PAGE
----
Author + information
- Received January 14, 2016
- Revision received January 21, 2016
- Accepted January 27, 2016
- Published online March 2, 2016.
- Christopher Colecchi, BA, MPH∗ ( and )
- David Tancredi, MD, PhD
- ↵∗Reprint requests and correspondence:
Mr. Christopher Colecchi, Broadview Ventures, Inc., 125 High Street, 9th Floor, Boston, Massachusetts 02110.
Translational investigators and companies face a challenging economic environment when seeking funds to move pre-clinical stage research into human testing and beyond. Specifically, funding for cardiovascular research and product development is difficult to secure, whether from the NIH, venture capitalists, or industry. But new funding models for advancing patient-oriented science to the commercial sector are emerging. Boston-based Broadview Ventures, created by the Leducq Family Trust, promotes the development of technology for the diagnosis and treatment of cardiovascular disease and stroke through direct equity-based investments. It targets early stage companies seeking to fund proof-of-concept for technologies that hold promise as future breakthroughs for patient care. With 27 such investments over the last seven years, Broadview has considerable experience in the seed/early-stage space, and its investment model is demonstrating early signs of success. Broadview actively seeks collaborations with world-class translational investigators, inventors, and their companies, and welcomes scientific inquiries, discussion and proposals for funding.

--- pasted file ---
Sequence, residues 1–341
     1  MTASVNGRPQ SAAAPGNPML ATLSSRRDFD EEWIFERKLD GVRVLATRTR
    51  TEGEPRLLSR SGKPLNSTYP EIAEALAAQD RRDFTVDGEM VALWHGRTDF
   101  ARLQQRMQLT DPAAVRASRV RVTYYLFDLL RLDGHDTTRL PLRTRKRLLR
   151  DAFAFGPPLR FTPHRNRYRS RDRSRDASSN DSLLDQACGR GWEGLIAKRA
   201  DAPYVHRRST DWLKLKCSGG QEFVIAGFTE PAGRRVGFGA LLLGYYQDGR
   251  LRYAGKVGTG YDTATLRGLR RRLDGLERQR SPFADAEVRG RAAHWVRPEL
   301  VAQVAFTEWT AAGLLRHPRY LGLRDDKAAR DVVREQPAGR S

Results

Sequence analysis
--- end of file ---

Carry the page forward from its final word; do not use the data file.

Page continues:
For translational investigators in cardiovascular disease and stroke, securing funds to move pre-clinical stage research into human testing and beyond remains a challenge. This “translational funding gap” is widening, and although many claim to fund early stage work, the data and experience of entrepreneurs in academia and elsewhere prove differently (Figure 1) (1). Despite recent increases in funding for translational research, the National Institutes of Health primarily supports basic discovery research, and has experienced significant budget pressure over the past years. Indeed, cardiovascular and stroke research continue to be relatively underfunded with respect to their impact on global health—as compared with cancer, for example (2,3)—and foundations and charitable organizations such as the American Heart Association can only make up some of this difference (Figure 2). In industry over the last decade, spending on research and development has remained unchanged, whereas the cost to bring new drugs and devices to market is increasing, making access to industry funding by independent clinical investigators more difficult. And the percentage of venture capital funding directed toward start-up/seed investments is diminishing—with venture capital preferring to fund later-stage, lower-risk product development activities (Figure 3) (4).
The good news in this challenging picture is that new funding models for advancing patient-oriented science to the commercial sector are emerging. Family offices, foundations, incubators, angel groups, and others are stepping into new territory and directing funds toward the translational gap to help develop new therapies for patients (Figure 4) (5).